4. Refrigerate until ready to serve.

Nutrition information per serving

Makes four servings 

Calories 160
Total fat 9 g
Saturated fat 4-5 g*
Trans fat 0 g
Cholesterol 0 mg
Sodium 70 mg
Total Carbohydrate 14 g
Fiber 2 g
Protein 4 g

*Varies based on the brand of vegan dark chocolate you choose
Source: The Dietitian’s Dish, Cleveland Clinic

Recipe: Blended Banana Dairy-Free ‘Ice Cream’.@ClevelandClinic

cleveland dairy free ice cream

This dairy-free frozen treat is healthy and easy to make. Banana is the secret ingredient, giving it a creamy texture and richness. It’s a great alternative to soft-serve ice cream, and it’s natural — it’s simply made from fruit.

Preparation

  1. Freeze peeled, ripe bananas in an airtight container. Store.
  2. When ready to make, remove bananas from the freezer and place in a food processor.  You can also add other frozen fruits, such as frozen mixed berries.
  3. Process together for 5 minutes, scraping down the sides occasionally.
  4. After 5 minutes (be patient, it takes all 5 minutes!) the mixture will be the consistency of soft serve ice cream!

Nutrition information

Serving size: 1 cup

Counts as 1 fruit serving.
Nutrition information varies depending on fruits used.

Recipe: Blended Banana Dairy-Free ‘Ice Cream’

How does breaking a sweat boost immunity?@ClevelandClinic

cleveland break sweat

Cleveland Clinic
@ClevelandClinic

 

You know exercise builds muscles, strengthens bones, keeps your heart healthy and your mind sharp. But it also does something that you might not think much about: It helps keep your immune system — your internal defenses against infection — in tip-top shape.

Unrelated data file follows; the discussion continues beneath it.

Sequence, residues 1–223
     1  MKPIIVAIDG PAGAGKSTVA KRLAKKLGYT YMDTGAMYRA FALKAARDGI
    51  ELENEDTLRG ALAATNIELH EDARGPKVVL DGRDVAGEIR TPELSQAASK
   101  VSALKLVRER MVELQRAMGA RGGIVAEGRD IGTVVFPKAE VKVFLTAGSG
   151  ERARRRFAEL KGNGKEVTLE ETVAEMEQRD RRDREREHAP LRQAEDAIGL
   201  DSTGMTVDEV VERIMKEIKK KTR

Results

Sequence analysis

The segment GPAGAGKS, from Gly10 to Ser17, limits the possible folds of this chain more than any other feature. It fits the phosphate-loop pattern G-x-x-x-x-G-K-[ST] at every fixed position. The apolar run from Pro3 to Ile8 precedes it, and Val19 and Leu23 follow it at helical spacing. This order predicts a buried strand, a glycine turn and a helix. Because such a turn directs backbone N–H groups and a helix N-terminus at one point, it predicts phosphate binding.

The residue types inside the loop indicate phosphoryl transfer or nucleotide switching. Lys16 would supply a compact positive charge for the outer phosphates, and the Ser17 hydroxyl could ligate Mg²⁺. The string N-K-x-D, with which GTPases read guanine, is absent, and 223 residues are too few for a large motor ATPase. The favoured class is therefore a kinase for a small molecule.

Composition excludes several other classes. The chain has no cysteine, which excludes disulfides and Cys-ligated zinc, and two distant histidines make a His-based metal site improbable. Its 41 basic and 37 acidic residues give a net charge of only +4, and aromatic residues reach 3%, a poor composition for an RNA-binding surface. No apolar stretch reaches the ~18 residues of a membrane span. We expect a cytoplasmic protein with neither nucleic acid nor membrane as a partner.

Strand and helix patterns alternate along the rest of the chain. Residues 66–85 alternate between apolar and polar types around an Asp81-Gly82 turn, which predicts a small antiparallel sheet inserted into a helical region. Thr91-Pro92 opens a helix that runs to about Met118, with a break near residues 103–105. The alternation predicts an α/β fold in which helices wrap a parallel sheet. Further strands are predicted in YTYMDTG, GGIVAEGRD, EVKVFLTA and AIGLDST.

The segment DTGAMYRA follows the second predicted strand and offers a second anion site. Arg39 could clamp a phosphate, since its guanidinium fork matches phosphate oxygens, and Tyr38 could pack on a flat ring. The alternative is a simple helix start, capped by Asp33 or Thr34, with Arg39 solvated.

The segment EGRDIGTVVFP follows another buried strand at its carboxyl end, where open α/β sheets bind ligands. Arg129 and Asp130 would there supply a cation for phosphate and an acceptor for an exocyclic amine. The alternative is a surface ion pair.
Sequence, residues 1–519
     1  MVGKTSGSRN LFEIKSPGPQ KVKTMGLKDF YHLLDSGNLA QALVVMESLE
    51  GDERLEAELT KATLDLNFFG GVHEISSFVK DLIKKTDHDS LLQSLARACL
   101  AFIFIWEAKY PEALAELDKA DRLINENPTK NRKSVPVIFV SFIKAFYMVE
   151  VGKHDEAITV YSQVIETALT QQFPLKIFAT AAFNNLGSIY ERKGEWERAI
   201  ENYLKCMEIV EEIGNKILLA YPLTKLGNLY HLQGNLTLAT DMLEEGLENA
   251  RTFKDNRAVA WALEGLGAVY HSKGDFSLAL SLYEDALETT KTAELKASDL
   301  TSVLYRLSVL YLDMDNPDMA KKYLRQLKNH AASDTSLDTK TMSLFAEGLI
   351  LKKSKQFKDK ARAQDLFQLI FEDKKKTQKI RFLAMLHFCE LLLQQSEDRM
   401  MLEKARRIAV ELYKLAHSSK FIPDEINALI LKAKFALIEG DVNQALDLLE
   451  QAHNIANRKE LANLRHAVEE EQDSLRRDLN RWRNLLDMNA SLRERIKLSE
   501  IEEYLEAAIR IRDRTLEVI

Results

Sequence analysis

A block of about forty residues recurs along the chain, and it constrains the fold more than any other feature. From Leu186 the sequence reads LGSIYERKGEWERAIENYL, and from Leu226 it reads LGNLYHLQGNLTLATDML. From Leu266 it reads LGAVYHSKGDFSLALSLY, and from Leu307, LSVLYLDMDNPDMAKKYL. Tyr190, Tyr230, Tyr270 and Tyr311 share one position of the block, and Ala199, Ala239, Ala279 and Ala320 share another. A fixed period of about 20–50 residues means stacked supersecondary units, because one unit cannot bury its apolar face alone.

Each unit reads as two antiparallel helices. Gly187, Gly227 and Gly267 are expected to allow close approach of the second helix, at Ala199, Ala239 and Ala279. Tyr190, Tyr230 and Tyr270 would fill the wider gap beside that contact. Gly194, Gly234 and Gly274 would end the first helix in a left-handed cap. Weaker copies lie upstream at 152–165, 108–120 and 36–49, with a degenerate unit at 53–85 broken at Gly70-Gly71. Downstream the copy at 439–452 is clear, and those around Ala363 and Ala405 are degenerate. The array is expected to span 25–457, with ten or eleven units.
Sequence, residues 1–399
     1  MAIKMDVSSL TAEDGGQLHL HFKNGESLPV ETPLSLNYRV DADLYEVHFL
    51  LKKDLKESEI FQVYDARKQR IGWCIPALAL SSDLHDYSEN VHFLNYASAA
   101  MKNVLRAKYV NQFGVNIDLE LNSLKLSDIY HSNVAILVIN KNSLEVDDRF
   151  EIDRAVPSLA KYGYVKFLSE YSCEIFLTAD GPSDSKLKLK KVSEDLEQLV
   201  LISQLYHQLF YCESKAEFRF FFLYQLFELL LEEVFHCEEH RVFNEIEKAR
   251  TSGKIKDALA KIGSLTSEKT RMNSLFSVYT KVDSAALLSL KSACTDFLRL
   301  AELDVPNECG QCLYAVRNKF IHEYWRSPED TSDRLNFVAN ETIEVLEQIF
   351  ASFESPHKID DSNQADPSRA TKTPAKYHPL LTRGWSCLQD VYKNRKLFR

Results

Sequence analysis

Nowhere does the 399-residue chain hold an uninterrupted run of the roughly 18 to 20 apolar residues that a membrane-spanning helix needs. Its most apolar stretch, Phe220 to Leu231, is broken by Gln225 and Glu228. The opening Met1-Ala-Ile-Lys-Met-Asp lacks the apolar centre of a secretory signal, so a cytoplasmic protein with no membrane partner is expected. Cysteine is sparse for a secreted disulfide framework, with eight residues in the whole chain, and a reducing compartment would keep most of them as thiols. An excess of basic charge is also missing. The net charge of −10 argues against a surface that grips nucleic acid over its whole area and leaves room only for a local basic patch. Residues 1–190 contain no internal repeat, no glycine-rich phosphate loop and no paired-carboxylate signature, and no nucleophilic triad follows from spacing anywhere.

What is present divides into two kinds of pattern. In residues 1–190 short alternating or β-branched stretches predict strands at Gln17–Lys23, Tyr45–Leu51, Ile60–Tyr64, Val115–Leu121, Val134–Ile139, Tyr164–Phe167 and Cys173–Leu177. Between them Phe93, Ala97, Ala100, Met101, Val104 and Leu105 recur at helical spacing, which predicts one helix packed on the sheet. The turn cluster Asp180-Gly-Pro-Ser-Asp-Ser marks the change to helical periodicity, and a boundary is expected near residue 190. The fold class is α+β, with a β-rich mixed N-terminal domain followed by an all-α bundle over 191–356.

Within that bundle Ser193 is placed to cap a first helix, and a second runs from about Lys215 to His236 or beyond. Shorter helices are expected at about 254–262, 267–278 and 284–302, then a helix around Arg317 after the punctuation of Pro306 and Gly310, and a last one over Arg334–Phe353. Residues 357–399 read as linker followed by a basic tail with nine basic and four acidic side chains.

If you take time for some physical exertion each day, it helps get your body ready to attack bacteria, viruses and toxins that can sneak in and make you sick.

But how much exercise is effective? Do too little or too much, and it won’t have the best effect on your immune system.

Clinical immunologist  Leonard Calabrese, DO, answers common questions about how exercise can impact your immunity and how to use your workouts to shut out a world of would-be invaders.

Q: How does breaking a sweat boost immunity?

A: If you exercise moderately on a regular basis, it tunes up the immune system in many ways. It enhances your broad-based defenses against viral infections, such as those causing upper respiratory infections.